"[A] stellar [volume]. . . . This series has established itself as a top tier set of commentaries on the New Testament, and Yarbrough's volume on the Johannine epistles is a credit to the others. . . . Yarbrough has given us what is, in my opinion, the best commentary on the Johannine epistles available. . . . This will be the first one I turn to and the first I recommend."--James M. Hamilton Jr., Southern Baptist Journal of Theology

"Yarbrough is an accomplished exegete centered in informed Evangelical thought. His attention to the details of the text that are of exegetical significance is exemplary. His discussion of the manuscripts and every textual variant of possible exegetical significance in John's letters is distinctive of the commentary. His summary on the text of John's letters and titles of the letters extant in the manuscripts presented in the introduction offers valuable information not easily found elsewhere. The author also presents several distinctive emphases in his commentary. Especially refreshing, he relates the Johannine letters to the life and teaching of Jesus, especially as presented in the Fourth Gospel, a perspective that is largely absent in many recent commentaries. . . . The strengths of the commentary include the depth of its author in the Evangelical tradition of Johannine scholarship, his pastoral sensitivities, and his ability to explain clearly the theological message of John's letters."--Karen H. Jobes, Bulletin for Biblical Research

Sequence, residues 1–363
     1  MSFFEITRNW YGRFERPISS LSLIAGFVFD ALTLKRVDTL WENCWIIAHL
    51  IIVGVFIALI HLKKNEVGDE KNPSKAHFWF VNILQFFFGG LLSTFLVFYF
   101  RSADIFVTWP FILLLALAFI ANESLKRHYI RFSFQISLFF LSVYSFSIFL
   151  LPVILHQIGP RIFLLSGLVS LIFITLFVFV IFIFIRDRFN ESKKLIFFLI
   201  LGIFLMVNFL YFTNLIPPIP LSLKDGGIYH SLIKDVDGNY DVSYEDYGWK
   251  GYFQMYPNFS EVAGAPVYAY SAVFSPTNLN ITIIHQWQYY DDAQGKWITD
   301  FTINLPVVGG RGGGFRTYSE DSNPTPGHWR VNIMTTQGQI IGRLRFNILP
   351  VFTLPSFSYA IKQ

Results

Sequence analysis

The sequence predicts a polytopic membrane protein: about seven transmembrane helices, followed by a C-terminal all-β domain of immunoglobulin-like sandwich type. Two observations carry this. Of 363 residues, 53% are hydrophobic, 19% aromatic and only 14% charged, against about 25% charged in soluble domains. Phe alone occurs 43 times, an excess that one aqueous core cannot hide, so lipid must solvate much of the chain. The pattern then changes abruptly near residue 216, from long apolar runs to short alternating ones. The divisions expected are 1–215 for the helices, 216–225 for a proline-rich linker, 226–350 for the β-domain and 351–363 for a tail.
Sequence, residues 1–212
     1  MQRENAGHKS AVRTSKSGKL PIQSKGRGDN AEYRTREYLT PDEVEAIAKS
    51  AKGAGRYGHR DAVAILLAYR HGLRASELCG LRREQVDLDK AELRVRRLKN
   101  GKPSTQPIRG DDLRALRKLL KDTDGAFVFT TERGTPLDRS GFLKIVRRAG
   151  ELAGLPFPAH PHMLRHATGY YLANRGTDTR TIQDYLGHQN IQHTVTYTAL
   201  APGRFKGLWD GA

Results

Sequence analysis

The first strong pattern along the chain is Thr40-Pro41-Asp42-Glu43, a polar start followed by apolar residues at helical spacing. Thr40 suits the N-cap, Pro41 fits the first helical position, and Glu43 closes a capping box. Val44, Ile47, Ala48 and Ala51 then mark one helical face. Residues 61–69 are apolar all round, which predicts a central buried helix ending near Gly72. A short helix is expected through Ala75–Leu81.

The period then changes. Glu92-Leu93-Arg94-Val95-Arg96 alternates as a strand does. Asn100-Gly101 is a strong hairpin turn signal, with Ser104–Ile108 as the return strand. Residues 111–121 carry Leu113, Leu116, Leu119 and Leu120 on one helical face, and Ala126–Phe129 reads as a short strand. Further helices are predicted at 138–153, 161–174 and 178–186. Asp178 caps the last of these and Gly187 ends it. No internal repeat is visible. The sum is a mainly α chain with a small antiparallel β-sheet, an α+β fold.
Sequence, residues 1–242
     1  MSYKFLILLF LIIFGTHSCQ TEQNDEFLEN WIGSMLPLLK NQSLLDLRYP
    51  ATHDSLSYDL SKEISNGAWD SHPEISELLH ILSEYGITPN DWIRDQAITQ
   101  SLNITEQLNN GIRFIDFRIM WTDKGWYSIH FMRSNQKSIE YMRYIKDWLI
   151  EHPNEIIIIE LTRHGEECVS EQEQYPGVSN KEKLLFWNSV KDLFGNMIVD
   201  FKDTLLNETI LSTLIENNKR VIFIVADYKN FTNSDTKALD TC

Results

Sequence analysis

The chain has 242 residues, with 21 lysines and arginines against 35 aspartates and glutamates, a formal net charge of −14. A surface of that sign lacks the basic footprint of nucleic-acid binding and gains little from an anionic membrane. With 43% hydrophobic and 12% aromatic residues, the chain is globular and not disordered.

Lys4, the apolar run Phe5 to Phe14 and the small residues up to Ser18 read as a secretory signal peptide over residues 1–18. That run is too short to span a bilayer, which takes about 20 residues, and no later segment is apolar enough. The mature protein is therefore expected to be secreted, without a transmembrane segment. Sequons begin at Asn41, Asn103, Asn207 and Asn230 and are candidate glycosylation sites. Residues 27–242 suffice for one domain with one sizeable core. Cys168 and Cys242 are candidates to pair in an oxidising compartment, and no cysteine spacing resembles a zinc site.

"Yarbrough is attentive to connections between John's epistles and the teachings of Jesus, as well as connections to the Gospel of John. . . . He uses a variety of interpreters, ancient and modern, to inform his study of John's epistles. His work therefore points us to insights from previous interpreters and gives a sense that he has not isolated himself in the midst of contemporary scholarship. . . . His engagement with biblical and systematic theology . . . adds a helpful and welcome dimension to his treatment of John's teachings at certain points. . . . Yarbrough's commentary is a useful and welcome addition for those who appreciate his emphases. . . . It provides good examples of interpretive work that resists isolation from theological concerns and from the helpful contributions of a range of previous interpreters."--Paul M. Hoskins, Southwestern Journal of Theology

Praise for the series:

"In this age of unprecedented proliferation of biblical commentary series, it is an outstanding accomplishment for the Baker Exegetical series consistently to have produced what with only rare exceptions have become the best available commentaries on the Greek text of the New Testament book or books treated."--Craig Blomberg, Denver Journal

"Rigorous exegesis by seasoned scholars with explicit evangelical commitments. This is also one of the best-designed, easy-to-read series as it includes intro matters, then each commentator's translation, commentary, and textual notes for every passage. Very reliable."--Bruce Riley Ashford and Grant Taylor, Between the Times blog